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Hindu, Buddhist leaders complain about NY beer ‘Nirvana’


Hindu and Buddhist leaders need a Latest York brewery to alter the name of its Nirvana IPA, complaining that the moniker is disrespectful to their beliefs.

“Upset Hindus and Buddhists are urging Cooperstown, NY based Ommegang to apologize and withdraw its ‘Nirvana’ beer,” in line with an announcement issued by Rajan Zed, president of Universal Society of Hinduism and Buddhist minister, Matthew Fisher.

Ommegang brewery in Cooperstown, NY was asked to “withdraw” its Nirvana beer.Ommegang Brewery

The boys of material said slapping the word ‘Nirvana’ on a beer is “deeply trivializing” of the sacred term and “equating it with alcohol was very painful to the devotees.”

Owned by Duvel Moortgat of Belgium, Ommegang said in an announcement, “The name “Nirvana IPA” is meant to have fun the atmosphere through which we hope beer lovers will benefit from the beer, which is that of tranquility when the noise and cares of the world fall away.

“Brewery Ommegang began distribution of Nirvana IPA in 2015; nonetheless, until today, we were unaware of the apparent concern with the name inside the Hindu & Buddhist communities. We never intended to disrespect any community or religious beliefs by including ‘Nirvana’ in naming the IPA. We welcome the chance to coach ourselves and determine what potential changes we could consider for this beer.”

Fisher told The Post that he hopes “all of the nail salons that use the words “Zen and Nirvana” also get the message.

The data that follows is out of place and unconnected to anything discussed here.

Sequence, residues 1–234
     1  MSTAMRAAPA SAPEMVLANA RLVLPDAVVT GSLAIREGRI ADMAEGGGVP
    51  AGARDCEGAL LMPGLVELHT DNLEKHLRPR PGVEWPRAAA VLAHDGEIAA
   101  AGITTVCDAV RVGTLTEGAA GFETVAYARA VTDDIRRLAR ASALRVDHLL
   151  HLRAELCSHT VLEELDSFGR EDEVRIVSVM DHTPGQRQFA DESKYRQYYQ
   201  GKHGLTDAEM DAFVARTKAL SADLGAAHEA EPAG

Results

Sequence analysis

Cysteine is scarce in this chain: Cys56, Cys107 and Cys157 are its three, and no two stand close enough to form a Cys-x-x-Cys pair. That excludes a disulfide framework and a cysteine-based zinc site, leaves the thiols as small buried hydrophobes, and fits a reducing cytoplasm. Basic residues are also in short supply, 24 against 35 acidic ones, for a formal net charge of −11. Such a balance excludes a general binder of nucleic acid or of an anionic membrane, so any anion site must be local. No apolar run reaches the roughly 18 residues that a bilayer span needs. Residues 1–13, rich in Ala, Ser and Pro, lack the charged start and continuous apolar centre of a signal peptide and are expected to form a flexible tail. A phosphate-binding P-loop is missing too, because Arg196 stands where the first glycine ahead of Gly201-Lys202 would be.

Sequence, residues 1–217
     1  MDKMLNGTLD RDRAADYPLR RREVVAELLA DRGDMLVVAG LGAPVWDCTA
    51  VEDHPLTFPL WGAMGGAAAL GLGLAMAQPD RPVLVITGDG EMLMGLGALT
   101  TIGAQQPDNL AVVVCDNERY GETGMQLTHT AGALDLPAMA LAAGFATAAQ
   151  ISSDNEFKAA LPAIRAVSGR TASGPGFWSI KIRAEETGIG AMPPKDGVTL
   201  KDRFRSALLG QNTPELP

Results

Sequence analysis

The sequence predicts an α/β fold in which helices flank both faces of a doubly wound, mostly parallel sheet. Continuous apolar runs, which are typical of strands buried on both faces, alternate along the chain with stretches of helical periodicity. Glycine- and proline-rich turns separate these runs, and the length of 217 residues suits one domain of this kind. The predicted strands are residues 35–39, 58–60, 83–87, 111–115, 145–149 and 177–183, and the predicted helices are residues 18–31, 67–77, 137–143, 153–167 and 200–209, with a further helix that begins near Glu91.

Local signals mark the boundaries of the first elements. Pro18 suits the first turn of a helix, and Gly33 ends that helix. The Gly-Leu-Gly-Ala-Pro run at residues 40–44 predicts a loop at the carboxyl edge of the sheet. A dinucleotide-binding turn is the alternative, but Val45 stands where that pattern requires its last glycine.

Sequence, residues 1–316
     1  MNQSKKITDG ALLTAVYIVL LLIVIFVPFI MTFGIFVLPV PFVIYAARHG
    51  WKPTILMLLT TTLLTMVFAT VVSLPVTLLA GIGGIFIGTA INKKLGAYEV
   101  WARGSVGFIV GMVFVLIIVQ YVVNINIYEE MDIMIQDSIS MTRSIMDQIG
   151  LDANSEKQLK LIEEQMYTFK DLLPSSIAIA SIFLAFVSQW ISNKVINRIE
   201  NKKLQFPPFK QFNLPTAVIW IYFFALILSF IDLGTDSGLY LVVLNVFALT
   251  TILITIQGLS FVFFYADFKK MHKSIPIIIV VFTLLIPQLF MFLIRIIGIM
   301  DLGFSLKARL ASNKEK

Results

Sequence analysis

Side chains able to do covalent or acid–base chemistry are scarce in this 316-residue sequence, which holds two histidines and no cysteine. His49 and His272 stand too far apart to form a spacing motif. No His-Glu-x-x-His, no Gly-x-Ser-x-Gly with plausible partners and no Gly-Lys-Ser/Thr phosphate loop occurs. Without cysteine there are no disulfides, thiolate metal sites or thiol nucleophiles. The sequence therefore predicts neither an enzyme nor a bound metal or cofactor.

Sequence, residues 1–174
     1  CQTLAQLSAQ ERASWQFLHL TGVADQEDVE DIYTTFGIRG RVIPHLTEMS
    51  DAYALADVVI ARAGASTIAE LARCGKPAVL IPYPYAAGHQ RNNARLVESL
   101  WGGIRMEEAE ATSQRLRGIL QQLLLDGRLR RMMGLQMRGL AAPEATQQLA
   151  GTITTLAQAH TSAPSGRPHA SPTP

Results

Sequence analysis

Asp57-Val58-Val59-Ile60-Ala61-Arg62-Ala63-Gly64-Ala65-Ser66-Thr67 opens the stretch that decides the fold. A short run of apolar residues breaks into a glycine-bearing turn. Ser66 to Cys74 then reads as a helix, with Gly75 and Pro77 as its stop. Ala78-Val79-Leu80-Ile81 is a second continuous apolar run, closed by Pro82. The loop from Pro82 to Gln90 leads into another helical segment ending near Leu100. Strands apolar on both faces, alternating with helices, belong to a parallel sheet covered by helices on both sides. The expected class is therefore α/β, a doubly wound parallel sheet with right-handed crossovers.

“It cheapens the word and is unkind,” he told The Post. Fisher and Zed said alcohol, which just isn’t condoned by the religions is a “pathway to delusion and degradation.” Buddhist monks are known for his or her modest lifestyles, that eschew alcohol and luxuries.

It’s not the primary time the pair have spoken out about businesses coopting religious symbols.

In 2020, Zed and Fisher together with other religious leaders took on Live Nation Entertainment for installing statues of Buddha, Lord Mahavira and Lord Parshvanatha in its nightclubs, including House of Blues, across the country.

On the time, the House of Blues said in an announcement to the Associated Press, “We deeply apologize and immediately removed the statue Mahavira from all of our venues,” adding, “We’re reassessing the presence of all deities in our venues and fascinating with the coalition and other religious experts to advise on next steps, including removal, relocation or other appropriate actions.” 

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